So, you have your drone, it's fully charged and you're ready to give it a first spin. Go for it! Practice makes perfect. A model like Chris's Mini Mavic has GPS capabilities so it can hover really well. On Chris's first flight, he flew his UAV up to eye level, flew it left and right, forward and back and just focused on getting a good sense of the controls, then landing successfully. Chris emphasizes the resource of YouTube to get very practiced and knowledgeable on the physical operation of your UAV. The last thing you want to do is be under researched, over zealous and lose your drone on a maiden voyage! 

Photo Credit: Chris Niver, Uplifting Imagery

It's a matter of 'time on the sticks.' As you put time into operating and practicing, you'll improve. Especially since UAV operation is an ever-evolving skill that will grow as you dedicate time and effort to it, Chris feels that he get's better with every flight. Chris's operation techniques have changed over the years as he has been flying. He originally started with technique A as seen the the picture below on the left, and is now building skill with the 'pinching' technique B as seen in the picture below on the right:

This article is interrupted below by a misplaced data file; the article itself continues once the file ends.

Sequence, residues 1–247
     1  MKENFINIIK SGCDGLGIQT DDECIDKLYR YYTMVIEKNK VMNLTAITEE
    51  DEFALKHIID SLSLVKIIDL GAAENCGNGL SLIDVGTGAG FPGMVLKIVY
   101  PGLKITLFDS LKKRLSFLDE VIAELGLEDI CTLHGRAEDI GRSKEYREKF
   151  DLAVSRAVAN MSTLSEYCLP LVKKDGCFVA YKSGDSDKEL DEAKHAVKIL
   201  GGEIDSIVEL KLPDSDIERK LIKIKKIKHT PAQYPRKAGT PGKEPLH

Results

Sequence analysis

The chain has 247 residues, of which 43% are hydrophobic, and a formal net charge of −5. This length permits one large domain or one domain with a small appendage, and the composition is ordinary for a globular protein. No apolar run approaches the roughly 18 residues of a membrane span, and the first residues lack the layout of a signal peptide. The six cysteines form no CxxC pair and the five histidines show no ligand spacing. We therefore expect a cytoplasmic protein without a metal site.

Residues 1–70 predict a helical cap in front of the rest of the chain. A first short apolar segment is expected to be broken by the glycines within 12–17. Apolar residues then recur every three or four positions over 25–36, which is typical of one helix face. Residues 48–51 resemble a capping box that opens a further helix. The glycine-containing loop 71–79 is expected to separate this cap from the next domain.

Chris has found that the pinching technique allows for much more control over speed and direction. He recommends just getting out there and experimenting to grow your skills. You will find that your skill operating will correlate with the time and energy you put into practicing - as with many things in life. Muscle memory kicks in and you get better and better.

Interacting with others while Operating

In addition to having your FAA certification to CYA and be the best operator you can be, there are some other useful gadgets and items to consider as you start flying. One item that Chris has found useful is his reflective, FAA Certified Operator's vest. Chris highly recommends getting one, whether you are FAA certified or not (vest options available on Amazon). It greatly help cut down on questions or interruptions. If you're flying a drone, folks will likely stop and talk to you and see what you are up to. But you have a bird in the air that you have to control and can't take your eyes off. So the vest can alert others to the fact that you are in flight and can't talk as much. You can also simply explain you are a operating a drone right now and can't speak. Many folks are just curious, so it's important to be polite just be honest as to how much you can divide your attention while responsibly operating your USV. 

Note on Toy Models